As an Italian living in Southern California, I'm a big fan of mixing the goodness of the Mediterranean diet with a healthy lifestyle and outdoor activities.
What I love about the Mediterranean diet is the apparent paradox of its delicious richness of flavors and the use of very simple ingredients. The fact that it also helps people live long, healthy lives is an added bonus. My father, at 86, walks to the grocery store and back, goes up and down stairs, goes for leisure walks, and even enjoys swimming in the sea in the summer. Most of my other Italian relatives are also healthy and active in their old age.
All this while eating delicious food. Who wouldn't want that?
One of the central ingredients of the Mediterranean diet is olive oil; we use abundantly on pasta, salads, even on simple bruschette, a simple appetizer made with toasted bread, chopped tomatoes, oregano, salt, and, you guessed it, liberal use of olive oil.
Olive oil is not only delicious, it is also healthy since it's loaded with antioxidants, bolsters the immune system, and is good to your heart, as its monounsaturated fatty acids help improve blood cholesterol levels.
So buy it and use it. Problem is, most of the extra-virgin olive oil (EVOO) you buy at the store is not virgin and is probably not (all) olive oil.
A famous 2010 study at UC Davis tested 14 major brands of extra-virgin olive oil. The result? 69 percent of imported olive oil samples were blended with cheaper oils like seed, canola, or nut oils. You might have better luck with California olive oil since ony 10 percent of them flunked the test.
Lest you think this test was a fluke, you should know that, a year later, the same researchers at UC Davis tested 134 samples that also failed taste and smell standards.
There are also well-documented international olive oil scandals, such as the famous one in 2008, when Italian police shut down almost 100 farms and olive oil processing plants for fraud. The situation is not better in Spain or Greece, two other countries that export supposedly EVOO.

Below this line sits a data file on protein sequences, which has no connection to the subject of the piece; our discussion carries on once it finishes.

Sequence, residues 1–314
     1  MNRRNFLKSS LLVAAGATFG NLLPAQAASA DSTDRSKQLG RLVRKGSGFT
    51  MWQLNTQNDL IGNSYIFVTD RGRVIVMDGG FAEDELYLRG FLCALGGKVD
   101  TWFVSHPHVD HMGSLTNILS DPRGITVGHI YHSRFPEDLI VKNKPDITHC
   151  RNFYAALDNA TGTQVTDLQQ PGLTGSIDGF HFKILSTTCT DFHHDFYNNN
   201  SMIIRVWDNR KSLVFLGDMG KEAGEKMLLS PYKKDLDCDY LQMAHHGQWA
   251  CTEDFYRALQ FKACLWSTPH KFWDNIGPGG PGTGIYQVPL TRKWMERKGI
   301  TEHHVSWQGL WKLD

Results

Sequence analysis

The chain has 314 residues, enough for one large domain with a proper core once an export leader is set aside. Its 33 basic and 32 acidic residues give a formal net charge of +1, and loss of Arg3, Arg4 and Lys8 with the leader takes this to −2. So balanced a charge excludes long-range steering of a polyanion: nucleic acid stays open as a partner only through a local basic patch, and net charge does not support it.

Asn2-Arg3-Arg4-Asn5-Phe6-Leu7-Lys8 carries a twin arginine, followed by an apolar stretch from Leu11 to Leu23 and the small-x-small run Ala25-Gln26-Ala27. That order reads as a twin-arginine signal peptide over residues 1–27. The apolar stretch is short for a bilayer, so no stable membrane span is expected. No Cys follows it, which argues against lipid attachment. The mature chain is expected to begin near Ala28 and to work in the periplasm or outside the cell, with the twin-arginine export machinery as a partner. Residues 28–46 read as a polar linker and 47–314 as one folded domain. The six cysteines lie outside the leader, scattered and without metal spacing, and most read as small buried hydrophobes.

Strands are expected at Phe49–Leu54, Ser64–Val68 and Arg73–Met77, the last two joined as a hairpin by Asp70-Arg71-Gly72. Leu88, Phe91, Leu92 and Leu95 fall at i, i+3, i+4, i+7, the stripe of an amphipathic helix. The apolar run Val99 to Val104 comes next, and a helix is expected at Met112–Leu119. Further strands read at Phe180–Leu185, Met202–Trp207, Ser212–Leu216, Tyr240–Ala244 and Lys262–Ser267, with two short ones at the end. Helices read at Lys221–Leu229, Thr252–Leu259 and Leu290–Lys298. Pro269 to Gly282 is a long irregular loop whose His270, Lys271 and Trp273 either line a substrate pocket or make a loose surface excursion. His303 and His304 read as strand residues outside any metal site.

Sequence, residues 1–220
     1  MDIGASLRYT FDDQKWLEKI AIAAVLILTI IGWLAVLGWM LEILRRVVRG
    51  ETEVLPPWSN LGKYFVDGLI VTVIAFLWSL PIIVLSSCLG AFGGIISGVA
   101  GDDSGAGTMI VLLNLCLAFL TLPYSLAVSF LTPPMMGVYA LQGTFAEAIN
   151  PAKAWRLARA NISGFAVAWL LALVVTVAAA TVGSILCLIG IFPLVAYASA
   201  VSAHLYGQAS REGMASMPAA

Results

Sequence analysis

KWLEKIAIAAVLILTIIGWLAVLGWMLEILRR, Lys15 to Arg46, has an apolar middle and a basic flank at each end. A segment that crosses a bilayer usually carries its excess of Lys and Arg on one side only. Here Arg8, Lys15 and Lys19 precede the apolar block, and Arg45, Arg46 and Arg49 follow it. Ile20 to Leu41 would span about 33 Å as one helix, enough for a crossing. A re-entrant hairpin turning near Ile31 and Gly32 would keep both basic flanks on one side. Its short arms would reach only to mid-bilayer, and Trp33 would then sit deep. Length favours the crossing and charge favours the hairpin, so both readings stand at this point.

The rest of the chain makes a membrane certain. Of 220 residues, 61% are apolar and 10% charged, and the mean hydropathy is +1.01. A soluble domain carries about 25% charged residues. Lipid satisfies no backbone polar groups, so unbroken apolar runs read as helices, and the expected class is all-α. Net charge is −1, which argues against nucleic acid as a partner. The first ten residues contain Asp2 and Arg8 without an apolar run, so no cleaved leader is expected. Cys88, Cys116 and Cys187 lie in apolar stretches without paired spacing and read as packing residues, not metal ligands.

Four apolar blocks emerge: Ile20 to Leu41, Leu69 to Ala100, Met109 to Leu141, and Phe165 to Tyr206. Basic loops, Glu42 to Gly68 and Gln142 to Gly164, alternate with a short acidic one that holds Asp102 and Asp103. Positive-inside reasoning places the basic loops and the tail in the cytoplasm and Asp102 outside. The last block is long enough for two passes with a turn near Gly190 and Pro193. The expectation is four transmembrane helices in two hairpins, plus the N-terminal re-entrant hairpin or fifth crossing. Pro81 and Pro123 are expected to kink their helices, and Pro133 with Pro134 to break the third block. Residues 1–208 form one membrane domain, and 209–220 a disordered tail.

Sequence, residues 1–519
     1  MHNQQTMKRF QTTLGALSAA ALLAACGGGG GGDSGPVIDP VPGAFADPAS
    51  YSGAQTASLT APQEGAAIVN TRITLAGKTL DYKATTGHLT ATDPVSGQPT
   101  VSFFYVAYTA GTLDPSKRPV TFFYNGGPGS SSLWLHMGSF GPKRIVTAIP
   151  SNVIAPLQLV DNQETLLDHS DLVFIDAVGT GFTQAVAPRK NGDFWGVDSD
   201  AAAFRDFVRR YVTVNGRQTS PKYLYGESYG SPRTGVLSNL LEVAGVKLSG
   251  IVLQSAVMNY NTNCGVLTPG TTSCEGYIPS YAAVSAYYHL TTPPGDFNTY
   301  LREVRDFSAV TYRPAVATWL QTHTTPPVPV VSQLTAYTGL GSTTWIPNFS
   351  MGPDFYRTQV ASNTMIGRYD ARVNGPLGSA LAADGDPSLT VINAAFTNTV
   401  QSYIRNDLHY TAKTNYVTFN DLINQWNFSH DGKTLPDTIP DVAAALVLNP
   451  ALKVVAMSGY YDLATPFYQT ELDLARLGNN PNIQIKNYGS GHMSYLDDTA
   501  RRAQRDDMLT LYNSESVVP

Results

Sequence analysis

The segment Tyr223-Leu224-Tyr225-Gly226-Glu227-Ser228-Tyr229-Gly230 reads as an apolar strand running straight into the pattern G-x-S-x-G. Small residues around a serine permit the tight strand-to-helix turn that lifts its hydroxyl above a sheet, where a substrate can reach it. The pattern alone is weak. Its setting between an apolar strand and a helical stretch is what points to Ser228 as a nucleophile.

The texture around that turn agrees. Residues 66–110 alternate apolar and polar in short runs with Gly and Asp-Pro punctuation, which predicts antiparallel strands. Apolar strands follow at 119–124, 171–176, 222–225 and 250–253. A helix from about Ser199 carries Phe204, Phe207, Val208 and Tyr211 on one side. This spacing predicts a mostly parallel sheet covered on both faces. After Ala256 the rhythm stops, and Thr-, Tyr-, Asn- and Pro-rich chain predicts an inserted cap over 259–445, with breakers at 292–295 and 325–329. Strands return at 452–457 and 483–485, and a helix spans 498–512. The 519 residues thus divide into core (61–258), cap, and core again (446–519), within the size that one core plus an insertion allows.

But you are fine because you select EVOO based on label certifications like PDO (protected designation of origin) or PGI (protected geographical indication), right? Not so fast. Such certifications are no guarantee your EVOO is pure.
Tom Mueller, the author of Extra Virginity: The Sublime and Scandalous World of Olive Oil, confirms that up to 70 percent of the extra virgin olive oil sold worldwide is watered down with cheaper oils like canola, sunflower, and other seed oils.
So, how do you make sure you are actually buying real olive oil? You can't really go by the color, as real EVOO can vary in color from gold to green. It's also difficult to go by taste since most people have not tasted the real thing anyway, and the fraudulent ones have enough real olive oil to taste almost like olive oil.
One way to make sure you are getting EVOO is to know the farmer; go by word of mouth. Shake the hand of the person that feeds you, as Michael Pollan mentions in his excellent book In Defense of Food: An Eater's Manifesto.
You can also test it yourself by placing the olive oil bottle in your refrigerator. Olive oil solidifies when it's cold. If the refrigerated oil thickens and becomes cloudy when refrigerated for a few hours, then it is (at least in part) olive oil.
Another way is to purchase from the manufacturers that passed the UC Davis test; brands like California Olive Ranch, Lucero (Ascolano), McEvoy Ranch Organic, Corto Olive, and Kirkland Organic.
Finally, you can also use healthy alternatives to EVOO for specialized recipes. We use extra-virgin coconut oil, for exemple, when baking pastries, as it adds a delicious flavor to cookies and pies. But you can also select sesame seed oil, avocado oil, and fermented cod liver oil.